Silverdome Sold, Deflated & Abandoned

After the Lions departure, the city of Pontiac began to experience dire financial problems. Due to continued high costs to maintain the stadium, the city made several unsuccessful attempts to sell the stadium. In early 2008, United Assurance Company Ltd. made the highest purchase offer to date, with a bid of $18 million to convert the Silverdome into a Hollywood-style entertainment complex, following an earlier bid of $12 million by an attorney. However, the city announced in October 2009 that the property would go to auction with no minimum bid, and that zoning regulations would be relaxed for any buyer in order to spark development. The city engaged the firm of Williams & Williams to conduct the auction in November 2009.

Silverdome sells for $583,000

After reading about the auction in a newspaper, Greek-born Canadian real estate developer Andreas Apostolopoulos, CEO of Toronto-based Triple Properties Inc., submitted a winning bid of US$550,000. Real estate fees of 6% raised the price to US$583,000. The sale of the Silverdome, completed in 1975 at a cost of $55.7 million (approx. $225 million in 2012 dollars), and sold in 2009 for $583,000 was viewed by many as a symbol of the collapse of real estate prices in the Detroit metropolitan area though many local leaders and residents claimed the sale was brought about due to the incompetence of city management and their not having a vision or future plans for the stadium and surrounding area.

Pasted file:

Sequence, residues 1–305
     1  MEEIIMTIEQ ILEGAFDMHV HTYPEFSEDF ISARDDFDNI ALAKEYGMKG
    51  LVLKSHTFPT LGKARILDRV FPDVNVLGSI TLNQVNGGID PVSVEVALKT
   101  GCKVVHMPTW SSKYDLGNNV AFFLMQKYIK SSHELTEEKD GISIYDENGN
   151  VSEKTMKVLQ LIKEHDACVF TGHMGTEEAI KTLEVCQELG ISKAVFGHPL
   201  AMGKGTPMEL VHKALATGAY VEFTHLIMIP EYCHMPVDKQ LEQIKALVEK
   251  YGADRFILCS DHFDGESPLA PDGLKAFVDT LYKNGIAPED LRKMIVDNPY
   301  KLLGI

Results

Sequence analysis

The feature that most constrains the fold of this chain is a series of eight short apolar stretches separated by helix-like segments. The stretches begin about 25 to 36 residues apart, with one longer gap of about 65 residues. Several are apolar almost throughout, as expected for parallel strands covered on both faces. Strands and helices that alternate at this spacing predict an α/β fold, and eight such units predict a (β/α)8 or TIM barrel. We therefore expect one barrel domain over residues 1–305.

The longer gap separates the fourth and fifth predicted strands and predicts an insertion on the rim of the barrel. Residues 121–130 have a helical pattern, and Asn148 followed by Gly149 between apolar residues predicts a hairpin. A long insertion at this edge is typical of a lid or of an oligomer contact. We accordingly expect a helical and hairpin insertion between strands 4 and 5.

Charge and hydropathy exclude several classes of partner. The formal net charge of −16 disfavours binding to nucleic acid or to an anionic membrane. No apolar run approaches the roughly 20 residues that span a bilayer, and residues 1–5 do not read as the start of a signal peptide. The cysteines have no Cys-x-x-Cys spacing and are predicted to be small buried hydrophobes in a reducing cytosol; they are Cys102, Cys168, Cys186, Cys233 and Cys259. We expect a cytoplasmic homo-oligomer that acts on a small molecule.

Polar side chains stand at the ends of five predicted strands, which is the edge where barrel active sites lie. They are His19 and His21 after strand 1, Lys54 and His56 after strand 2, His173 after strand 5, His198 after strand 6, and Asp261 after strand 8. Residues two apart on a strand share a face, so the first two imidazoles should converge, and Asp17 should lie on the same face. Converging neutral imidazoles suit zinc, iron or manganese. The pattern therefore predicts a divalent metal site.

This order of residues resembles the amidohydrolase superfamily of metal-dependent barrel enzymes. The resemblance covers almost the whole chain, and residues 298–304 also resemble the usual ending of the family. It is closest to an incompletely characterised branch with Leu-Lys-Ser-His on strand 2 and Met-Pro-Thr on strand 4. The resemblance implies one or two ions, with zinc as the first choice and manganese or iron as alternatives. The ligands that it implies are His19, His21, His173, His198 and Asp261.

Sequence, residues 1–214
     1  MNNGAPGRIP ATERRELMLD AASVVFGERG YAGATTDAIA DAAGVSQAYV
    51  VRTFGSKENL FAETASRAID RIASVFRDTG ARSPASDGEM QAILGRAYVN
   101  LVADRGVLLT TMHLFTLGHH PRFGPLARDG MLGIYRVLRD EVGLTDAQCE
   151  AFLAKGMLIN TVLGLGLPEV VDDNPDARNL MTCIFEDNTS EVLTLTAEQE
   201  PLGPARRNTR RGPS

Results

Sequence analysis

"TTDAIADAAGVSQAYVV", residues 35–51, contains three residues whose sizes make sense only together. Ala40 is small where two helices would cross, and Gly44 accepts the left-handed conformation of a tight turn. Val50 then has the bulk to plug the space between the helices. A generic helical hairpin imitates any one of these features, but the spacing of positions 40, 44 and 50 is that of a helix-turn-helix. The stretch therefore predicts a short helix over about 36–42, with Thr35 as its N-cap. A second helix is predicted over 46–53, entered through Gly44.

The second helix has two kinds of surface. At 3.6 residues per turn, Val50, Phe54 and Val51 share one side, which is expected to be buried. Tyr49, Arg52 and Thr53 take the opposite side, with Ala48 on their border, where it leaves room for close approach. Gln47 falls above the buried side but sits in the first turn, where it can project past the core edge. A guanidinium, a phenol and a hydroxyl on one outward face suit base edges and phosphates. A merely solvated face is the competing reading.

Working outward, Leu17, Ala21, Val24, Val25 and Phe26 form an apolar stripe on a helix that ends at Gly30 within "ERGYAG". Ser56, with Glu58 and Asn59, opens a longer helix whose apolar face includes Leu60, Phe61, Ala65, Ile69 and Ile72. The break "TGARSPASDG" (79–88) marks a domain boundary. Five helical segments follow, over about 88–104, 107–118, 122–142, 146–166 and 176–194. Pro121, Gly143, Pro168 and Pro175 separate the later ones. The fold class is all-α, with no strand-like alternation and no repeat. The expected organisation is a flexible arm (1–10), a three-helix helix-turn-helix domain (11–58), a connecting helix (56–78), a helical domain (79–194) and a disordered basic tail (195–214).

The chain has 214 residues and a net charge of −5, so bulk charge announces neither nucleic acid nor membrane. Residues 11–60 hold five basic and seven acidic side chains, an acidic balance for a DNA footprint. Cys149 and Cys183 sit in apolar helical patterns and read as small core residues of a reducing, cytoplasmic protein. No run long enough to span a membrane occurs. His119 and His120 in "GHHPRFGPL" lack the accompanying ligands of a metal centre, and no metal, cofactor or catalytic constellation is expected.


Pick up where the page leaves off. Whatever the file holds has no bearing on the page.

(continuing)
The abandoned Silverdome - From a 'domed' stadium to a 'doomed' stadium.

The fiberglass roof was permanently deflated on January 2, 2013, supposedly as an energy saving and cost measure. Prior to it's abandonment, plans called for a new, permanent, self-supporting roof to be installed topped with solar panels for energy production.  All the fancy talk of redevelopment would end up as nothing but a mere dream.

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